Suez Labor Strikes Augment Protests as Unrest Continues Across Egypt
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JIM LEHRER: And amid the diplomatic exchange today, the unrest in Egypt spread to more of Cairo and beyond. And there was word of more protesters being killed.
We have a report from Lindsey Hilsum of Independent Television News.
LINDSEY HILSUM: A new front in Egypt’s unfinished revolution.
This morning, we found protesters marching up and down the streets between the Parliament and the prime minister’s office. Others were still sleeping. They had spent the night on the pavement. The Parliament, they say, has no legitimacy anymore.
The protesters have now blocked off the street to Parliament and the Cabinet office. There aren’t very many of them, although they’re very noisy. But it’s significant, because this means that the protests have gone beyond Tahrir Square. This is the heart of government. It’s a new challenge to the authorities.
Mohamed al-Natbi planted himself in front of the gate. His wife and three children have come with him from an industrial town 100 miles away.
MOHAMED AL-NATBI (through translator): Last night, I decided to come here because I heard that changes in the constitution will be decided here in the people’s assembly. But we don’t accept the legality of this place anymore. When we have a revolution, the constitution no longer applies.
LINDSEY HILSUM: “Long live the Egyptian army,” they shouted, as a general and his officers were mobbed as they pushed their way through the crowd. It will be hard for the government to get the army to move against the protesters now, even as unrest spreads across the country.
Amateur video has emerged from the desert outpost of El Kharga. On Monday, people set the police chief’s car on fire because, they say, he tortured prisoners. They marched on the police station and were met with tear gas and live fire.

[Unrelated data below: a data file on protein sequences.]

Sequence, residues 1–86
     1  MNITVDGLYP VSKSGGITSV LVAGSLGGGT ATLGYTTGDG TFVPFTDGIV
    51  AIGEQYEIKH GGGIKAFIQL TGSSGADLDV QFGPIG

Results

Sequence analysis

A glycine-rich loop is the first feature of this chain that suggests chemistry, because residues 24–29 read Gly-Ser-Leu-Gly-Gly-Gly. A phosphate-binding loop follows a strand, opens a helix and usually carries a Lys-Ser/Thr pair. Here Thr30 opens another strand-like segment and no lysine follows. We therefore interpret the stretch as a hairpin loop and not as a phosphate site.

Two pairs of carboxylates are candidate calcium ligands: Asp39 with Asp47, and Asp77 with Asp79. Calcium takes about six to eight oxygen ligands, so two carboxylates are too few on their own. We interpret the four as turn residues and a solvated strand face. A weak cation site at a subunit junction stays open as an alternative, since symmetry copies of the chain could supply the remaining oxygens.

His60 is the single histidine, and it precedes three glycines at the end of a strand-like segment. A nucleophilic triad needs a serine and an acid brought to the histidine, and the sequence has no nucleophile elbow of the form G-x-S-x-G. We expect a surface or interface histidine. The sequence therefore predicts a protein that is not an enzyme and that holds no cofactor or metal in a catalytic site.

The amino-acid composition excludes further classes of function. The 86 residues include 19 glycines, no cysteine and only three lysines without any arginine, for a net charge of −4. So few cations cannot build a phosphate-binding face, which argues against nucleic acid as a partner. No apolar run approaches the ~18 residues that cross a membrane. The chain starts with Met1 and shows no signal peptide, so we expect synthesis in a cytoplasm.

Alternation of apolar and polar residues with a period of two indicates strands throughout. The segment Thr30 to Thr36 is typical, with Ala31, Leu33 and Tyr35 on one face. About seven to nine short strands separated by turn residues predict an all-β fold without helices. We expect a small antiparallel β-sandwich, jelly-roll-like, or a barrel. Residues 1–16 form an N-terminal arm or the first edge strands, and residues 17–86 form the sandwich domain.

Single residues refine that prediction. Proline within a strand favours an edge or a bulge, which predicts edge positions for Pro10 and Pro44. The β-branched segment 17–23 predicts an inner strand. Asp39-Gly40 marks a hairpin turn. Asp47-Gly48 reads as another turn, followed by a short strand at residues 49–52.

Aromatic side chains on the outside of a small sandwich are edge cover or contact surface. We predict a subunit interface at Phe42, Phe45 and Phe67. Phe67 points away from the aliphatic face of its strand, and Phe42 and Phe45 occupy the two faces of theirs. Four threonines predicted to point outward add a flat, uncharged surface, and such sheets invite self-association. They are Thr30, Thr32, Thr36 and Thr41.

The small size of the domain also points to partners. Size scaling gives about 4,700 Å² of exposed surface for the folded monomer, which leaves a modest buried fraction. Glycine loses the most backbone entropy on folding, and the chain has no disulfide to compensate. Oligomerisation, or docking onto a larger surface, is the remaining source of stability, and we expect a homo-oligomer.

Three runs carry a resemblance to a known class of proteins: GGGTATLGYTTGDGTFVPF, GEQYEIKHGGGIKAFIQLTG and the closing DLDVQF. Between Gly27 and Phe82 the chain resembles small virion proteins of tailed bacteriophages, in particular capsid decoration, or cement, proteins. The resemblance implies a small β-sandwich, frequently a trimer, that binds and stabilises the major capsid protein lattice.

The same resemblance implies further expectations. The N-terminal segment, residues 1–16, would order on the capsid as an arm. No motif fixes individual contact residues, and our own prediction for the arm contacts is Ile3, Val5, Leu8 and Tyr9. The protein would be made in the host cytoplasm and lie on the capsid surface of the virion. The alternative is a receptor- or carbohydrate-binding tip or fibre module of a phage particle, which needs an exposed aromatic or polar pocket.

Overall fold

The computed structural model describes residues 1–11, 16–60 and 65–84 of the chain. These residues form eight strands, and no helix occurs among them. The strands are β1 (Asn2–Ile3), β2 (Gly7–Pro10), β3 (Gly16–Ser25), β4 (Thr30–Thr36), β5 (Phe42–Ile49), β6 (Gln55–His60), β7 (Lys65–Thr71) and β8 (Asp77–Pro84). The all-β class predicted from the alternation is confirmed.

MAN (through translator): The police opened fire. One got a bullet in his chest, another in his side. And Hassan, Hassan got a bullet between the eyes.
LINDSEY HILSUM: Hospital pictures bear out his story. The government has said that four have now died and about 100 been injured.
In Port Said, protesters gathered outside the governor’s office to complain about housing conditions. He refused to see them, so they occupied the building and then set it on fire.
Suez Canal workers were on strike for a second day, protesting about working conditions and low pay and demanding that the canal chief step down. Other industrial workers in Suez joined them. Ships are still passing through the canal unaffected, but the protests are costing the Egyptian government an estimated 200 million pounds a day in lost revenue.
Late this afternoon, more had gathered at the Parliament. Vice President Omar Suleiman has warned that if this civil disobedience doesn’t stop, there will be a coup in Egypt. But the protesters were readying themselves for another night sleeping on the pavement. And they’re talking of multiple demonstrations on Friday.